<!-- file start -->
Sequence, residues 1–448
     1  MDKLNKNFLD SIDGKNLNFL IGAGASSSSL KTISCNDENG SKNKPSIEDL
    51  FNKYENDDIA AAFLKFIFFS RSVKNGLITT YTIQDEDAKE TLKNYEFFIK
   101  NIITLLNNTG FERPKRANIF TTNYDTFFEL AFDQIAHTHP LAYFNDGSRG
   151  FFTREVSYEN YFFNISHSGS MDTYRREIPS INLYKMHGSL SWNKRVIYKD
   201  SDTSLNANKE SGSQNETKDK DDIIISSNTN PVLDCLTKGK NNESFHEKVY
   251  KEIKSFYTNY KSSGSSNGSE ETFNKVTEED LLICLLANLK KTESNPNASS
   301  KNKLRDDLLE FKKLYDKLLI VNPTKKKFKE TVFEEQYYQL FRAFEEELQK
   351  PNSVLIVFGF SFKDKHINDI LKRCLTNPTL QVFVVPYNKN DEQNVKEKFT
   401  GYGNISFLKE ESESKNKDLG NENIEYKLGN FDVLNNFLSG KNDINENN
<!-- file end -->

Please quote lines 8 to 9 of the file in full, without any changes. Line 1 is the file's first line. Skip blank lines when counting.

   301  KNKLRDDLLE FKKLYDKLLI VNPTKKKFKE TVFEEQYYQL FRAFEEELQK
   351  PNSVLIVFGF SFKDKHINDI LKRCLTNPTL QVFVVPYNKN DEQNVKEKFT